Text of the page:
After returning from visiting his dad, Ricky confesses a troubling story about the War to his Grandfather.
When a Nation commits itself to War much is asked of its young men and women in uniform. Along with a willingness to give the ultimate sacrifice, they are also asked to accept a reality like no other often times with no clear lines of demarcation between “winning the hearts” and staying alive. Few are prepared for the “fog of war.”
This week series producer Josh Feinman asked writer-director, and Army veteran, Allen L. Sowelle about his haunting script, “Don’t Mean Nothing.”
JF: First off, some people may be surprised to learn that you’re a Veteran.
AS: Yeah man, over six years active duty. Stateside and abroad. One thing to be clear though, I never had to face some of the challenges this generation has had to face. My work was in a different theater, with different rules.
JF: This is the third FSC episode on Veterans coming home, not ready for the deafening din of civilian life. You seem to have an affinity for Veterans issues. Is this by default or by design?
AS: Definitely by design. I know we try as a Country to honor their sacrifice, but too, too often we come up short. No Servicemember should have to worry about keeping their property, finding employment, or how to navigate a host of health issues that may have followed them home. Whether the scars are physical or psychological, we owe them as many healing hands and healing hearts as possible.
JF: With Ricky and his grandfather Lucas, who are these characters to you?
AS: Ricky is that kid that no one explained the moral and emotional extremes of armed conflict to. He wasn’t in the infantry or an elite unit, he’s just a kid trying to support our efforts when suddenly the unexpected comes point-blank. His grandfather Lucas is molded from the cast of my uncles and men like them who returned from Vietnam with the attitude of the only way you survive is by turning it off – the haunts, the sounds, the smells, you turn it off. “Don’t Mean Nothing,” came from a book I read about some Marines at Khe Sanh. If there was ever a moment that encapsulated what our Vietnam Vets went through it is the Battle of Khe Sanh.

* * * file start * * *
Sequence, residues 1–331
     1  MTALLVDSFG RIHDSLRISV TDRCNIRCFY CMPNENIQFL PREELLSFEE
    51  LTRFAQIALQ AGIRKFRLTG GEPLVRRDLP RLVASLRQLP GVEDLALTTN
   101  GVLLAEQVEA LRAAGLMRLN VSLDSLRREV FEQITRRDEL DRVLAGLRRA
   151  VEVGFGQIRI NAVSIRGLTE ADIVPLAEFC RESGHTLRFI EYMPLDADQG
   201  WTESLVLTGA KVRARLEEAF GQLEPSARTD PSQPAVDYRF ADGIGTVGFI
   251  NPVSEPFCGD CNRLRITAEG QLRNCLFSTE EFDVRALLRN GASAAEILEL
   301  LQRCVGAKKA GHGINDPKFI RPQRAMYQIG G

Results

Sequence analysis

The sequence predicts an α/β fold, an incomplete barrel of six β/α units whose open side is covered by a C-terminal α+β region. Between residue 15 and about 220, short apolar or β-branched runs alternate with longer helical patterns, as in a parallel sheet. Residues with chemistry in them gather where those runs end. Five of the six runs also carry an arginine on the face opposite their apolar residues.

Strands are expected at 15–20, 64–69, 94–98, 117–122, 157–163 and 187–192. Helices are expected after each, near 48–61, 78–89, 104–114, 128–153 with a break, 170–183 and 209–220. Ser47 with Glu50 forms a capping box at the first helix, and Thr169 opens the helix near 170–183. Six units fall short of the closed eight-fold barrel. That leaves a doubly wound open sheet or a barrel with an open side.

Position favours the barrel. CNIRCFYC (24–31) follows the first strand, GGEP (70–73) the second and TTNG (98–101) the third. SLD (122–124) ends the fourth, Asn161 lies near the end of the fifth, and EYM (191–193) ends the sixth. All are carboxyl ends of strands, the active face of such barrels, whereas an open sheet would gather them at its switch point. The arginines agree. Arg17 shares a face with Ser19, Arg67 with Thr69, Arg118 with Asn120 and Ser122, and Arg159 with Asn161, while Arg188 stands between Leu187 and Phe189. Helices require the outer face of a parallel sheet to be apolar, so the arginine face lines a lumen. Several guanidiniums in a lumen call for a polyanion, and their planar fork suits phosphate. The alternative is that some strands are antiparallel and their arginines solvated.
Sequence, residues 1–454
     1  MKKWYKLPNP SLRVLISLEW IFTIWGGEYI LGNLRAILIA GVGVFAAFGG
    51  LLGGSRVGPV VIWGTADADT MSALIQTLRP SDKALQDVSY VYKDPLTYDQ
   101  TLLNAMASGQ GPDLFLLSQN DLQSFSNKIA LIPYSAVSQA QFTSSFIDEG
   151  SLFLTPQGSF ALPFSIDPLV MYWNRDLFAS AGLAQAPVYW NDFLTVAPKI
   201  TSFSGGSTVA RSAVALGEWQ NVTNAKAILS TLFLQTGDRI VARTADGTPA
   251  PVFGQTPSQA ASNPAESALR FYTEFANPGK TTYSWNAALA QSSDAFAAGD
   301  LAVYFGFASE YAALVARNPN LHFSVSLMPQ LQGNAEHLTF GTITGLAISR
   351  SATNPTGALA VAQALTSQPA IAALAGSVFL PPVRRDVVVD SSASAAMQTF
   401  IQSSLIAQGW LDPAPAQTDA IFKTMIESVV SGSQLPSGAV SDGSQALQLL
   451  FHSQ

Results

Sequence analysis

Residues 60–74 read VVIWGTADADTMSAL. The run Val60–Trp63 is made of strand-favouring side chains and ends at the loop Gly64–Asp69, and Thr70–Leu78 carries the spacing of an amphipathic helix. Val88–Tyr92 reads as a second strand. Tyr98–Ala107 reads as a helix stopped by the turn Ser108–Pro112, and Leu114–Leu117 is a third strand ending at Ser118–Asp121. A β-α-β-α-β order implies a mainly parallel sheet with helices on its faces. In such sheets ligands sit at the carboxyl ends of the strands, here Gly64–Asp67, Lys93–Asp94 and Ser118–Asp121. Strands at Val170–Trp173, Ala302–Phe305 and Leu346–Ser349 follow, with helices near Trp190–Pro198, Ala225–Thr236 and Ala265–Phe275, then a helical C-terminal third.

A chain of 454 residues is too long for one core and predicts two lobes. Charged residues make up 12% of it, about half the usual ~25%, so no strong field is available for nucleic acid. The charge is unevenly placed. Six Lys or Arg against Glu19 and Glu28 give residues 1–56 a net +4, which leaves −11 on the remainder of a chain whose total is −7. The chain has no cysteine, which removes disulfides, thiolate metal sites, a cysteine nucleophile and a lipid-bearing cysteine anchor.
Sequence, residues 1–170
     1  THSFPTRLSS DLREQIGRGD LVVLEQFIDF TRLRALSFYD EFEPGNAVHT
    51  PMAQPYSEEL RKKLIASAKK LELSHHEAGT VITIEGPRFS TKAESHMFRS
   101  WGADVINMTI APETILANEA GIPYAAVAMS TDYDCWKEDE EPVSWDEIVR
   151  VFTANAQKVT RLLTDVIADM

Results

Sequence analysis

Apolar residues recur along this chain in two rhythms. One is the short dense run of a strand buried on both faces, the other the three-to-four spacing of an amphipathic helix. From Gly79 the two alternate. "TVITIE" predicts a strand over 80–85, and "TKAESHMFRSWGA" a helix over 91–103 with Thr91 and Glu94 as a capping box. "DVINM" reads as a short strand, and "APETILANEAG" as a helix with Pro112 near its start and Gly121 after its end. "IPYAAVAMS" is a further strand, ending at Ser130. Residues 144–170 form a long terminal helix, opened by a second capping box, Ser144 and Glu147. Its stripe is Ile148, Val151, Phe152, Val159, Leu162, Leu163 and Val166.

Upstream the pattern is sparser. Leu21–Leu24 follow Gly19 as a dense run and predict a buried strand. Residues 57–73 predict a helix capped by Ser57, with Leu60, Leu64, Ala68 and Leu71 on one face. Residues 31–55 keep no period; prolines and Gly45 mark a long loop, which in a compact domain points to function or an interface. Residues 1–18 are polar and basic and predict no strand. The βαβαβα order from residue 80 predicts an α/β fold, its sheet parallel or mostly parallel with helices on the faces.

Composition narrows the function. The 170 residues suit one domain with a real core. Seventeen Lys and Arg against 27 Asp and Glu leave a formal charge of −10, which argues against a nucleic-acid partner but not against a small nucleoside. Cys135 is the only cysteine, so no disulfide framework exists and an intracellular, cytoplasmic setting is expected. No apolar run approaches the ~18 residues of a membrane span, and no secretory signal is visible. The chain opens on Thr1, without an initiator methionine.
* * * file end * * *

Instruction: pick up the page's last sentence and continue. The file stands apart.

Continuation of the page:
JF: What do you hope viewers get from this story?
AS: Before people who’ve never served start another drumbeat to War somewhere, they should either spend some time at a VA hospital, or with the families of those who never made it back whole. Listen to their stories, feel their absence. And if that’s okay with you that’s one thing. But, if it’s not, then you better be damn sure about the objective, and about your commitment to our brave sons and daughters upon their return. Freedom isn’t Free, and all of us should be proud to pay for it one way or another.
JF: As the series creator, what do you see next for Front Seat Chronicles?
AS: Some sponsorship would be cool. Half joking, but I’m serious about opening the aperture, shining more light on the diversity of faces, places, and voices that make up the American Experience. In order to keep going it’s gonna take financial resources we now don’t have. So we’ll see. Some sort of sponsoring an episode up to sponsoring an entire season would be significant.
But so far, especially with your help Josh, we’ve gotten a nice tapestry of narratives, and FSC is definitely a writer’s and actor’s medium. I’d love to see more people involved, sharing biographies.
Got a story to tell? Hit us up in the comments section. We’d love to hear from you.
Inform and Inspire. Peace.